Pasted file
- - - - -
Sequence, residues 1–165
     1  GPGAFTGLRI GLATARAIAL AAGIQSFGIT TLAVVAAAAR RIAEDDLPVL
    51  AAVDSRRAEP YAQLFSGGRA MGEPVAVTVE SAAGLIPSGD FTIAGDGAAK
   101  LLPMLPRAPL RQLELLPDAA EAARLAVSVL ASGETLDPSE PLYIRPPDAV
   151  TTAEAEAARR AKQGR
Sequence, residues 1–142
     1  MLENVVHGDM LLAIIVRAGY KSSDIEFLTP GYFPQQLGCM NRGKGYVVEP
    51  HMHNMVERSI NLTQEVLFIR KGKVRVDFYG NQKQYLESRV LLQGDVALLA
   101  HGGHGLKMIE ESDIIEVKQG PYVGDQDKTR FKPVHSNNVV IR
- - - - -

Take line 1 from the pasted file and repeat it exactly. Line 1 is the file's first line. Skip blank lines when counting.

Sequence, residues 1–165